Saturday, November 25, 2017

Matt Spall reviews Jag Panzer

[The long-running U.S. heavy metal act Jag Panzer has existed for decades, with splits and reunions of all sorts in the process. Now in 2017 they returned. So what did our friend Matt Spall think of the new music? Surely he knows this band, right? -MMB]
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Artist: Jag Panzer
Album Title: The Deviant Chord
Label: Steamhammer / SPV
Date Of Release: 29 September 2017
Jag Panzer and I have had a turbulent relationship. Many regard them as a heavy metal institution, pointing towards the likes of their debut, ‘Ample Destruction’, as examples of the very best that US power metal has to offer the world. Admittedly, I came to the band late, via their fifth album ‘Thane To The Throne’ at the turn of the Millennium but they never really ignited my enthusiasm beyond a nod of appreciation. If memory serves, I actually traded in the aforementioned record soon after because it failed to hold my interest and I ultimately felt rather disappointed by it. I realise that this record represented a slight departure for the band, so I did check out other albums. Unfortunately, they did little to change my opinion.
I can already hear the sounds of knives being sharpened by those who consider the content of the previous paragraph as blasphemy. Regardless, I have to speak as I find and I can’t possibly like every band, can I?
However, in an effort to prove myself wrong, I accepted the invitation from Steamhammer/SPV and downloaded the promo for ‘The Deviant Chord’, the tenth full-length release from Jag Panzer. I’ll admit that curiosity also played a part because very little had been heard from the Colorado-based quintet since the release of their last album, ‘The Scourge Of The Light’ way back in 2011. Line-up issues and a near break-up apparently ensued but all of that seems to have been put aside, with ‘The Deviant Chord’ the result that many long-term fans had craved.
Even better news for the Jag Panzer faithful is that the clientele has remained largely undamaged. It means that the Jag Panzer of 2017 is comprised of vocalist Harry ‘The Tyrant’ Conklin, guitarist/keyboardist Mark Briody, bassist John Tetley and drummer Rikard Stjernquist alongside returning lead guitarist Joey Tafolla.
So the stage is set for a triumphant return to the world of power metal for Jag Panzer and for me to finally take the band to my heart, yes? Well, after several spins, I must admit that the answer is both ‘yes’ and ‘no’. For existing fans, I have no doubt that the vast majority will lap up every last minute of ‘The Deviant Chord’ and revel in their return. For me though, it’s unfortunately a case of ‘as you were’ for the most part.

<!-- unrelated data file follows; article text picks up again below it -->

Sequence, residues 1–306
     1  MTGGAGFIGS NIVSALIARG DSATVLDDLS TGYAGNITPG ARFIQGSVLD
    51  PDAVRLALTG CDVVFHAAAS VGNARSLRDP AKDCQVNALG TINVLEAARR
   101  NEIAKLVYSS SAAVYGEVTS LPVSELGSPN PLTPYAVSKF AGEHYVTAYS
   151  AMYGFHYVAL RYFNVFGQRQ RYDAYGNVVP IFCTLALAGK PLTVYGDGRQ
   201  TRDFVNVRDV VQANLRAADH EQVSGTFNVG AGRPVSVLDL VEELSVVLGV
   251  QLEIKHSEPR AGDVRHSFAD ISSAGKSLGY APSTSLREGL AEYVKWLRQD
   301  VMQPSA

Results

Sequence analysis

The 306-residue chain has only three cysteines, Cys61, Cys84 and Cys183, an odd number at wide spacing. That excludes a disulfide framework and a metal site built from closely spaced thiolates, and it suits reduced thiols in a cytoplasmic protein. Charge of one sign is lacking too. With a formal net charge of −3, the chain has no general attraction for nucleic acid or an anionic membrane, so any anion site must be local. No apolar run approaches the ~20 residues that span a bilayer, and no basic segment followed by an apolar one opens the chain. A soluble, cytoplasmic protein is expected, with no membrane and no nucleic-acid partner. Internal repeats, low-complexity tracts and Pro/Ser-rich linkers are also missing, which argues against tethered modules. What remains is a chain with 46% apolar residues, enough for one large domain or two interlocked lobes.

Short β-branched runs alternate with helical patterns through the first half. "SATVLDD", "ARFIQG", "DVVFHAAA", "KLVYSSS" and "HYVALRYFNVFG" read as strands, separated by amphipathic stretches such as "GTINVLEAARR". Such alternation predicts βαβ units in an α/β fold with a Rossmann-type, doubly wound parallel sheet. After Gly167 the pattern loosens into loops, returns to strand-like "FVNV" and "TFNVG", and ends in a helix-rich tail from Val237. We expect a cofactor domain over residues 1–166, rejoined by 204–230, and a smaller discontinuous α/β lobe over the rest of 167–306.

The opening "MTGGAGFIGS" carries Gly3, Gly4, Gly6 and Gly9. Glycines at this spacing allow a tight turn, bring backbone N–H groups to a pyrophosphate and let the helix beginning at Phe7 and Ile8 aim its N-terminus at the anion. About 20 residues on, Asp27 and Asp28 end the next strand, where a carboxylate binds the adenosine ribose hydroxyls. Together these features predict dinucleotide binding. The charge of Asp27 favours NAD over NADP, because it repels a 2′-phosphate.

I have tried, I really have, but Jag Panzer just seem to be one of those bands that don’t click with me. I can see the attraction of course but it’s in a kind of detached way, as if I’m listening to the record through a pane of glass, whilst everyone else is in the recording studio rocking out with the band.
To offer something more constructive, I’d say that part of the problem is that there are a lack of killer choruses or strong melodies to capture my imagination. The album ends and aside from the Maiden-esque galloping bombast of ‘Far Beyond All Fear’ or the folk-tinged Celtic-infused ‘Foggy Dew’, I can’t remember much of what I’ve heard in the preceding 45 minutes or so. There are plenty of powerful riffs and there’s no denying the metal credentials of the band but again, they don’t grab me by the throat and slam me against the wall.
I don’t wish to sound overly harsh but I can’t shake the feeling that everything feels a little run-of-the-mill and distinctly ordinary. I certainly wish there was more variety overall, particularly in terms of the speed of the songs; once the initial fervour of the opening couple of cuts has passed, the vast majority of the remaining eight tracks feel comfortable remaining at a mid-tempo with little variation either side.
Again, not even some exuberant lead guitar work from virtuoso Tafolla can save the day as his solos are but a brief flurry of excitement in an otherwise unremarkable landscape. Likewise, the vocals of ‘Tyrant’ are passionately and powerfully delivered but for some reason, I’m not enamoured with his delivery.
I want to make it clear that I am not saying that ‘The Deviant Chord’ is a bad record because clearly it isn’t and I’d be being churlish for suggesting otherwise. It is professionally put together and the members of the band clearly believe in what they are doing. The thing is, I have been thoroughly spoilt over the last year or so with some truly excellent power metal emerging from many new corners of the scene and I think that Jag Panzer for all their strengths are suffering as a result. Whilst they had their problems to deal with, the world moved on and it has moved on apace. Jag Panzer therefore needed to blow me out of the water with ‘The Deviant Chord’ but instead they have simply splashed me a little. Oh well, as I said before, I can’t like them all.
The Score Of Much Metal: 6.5
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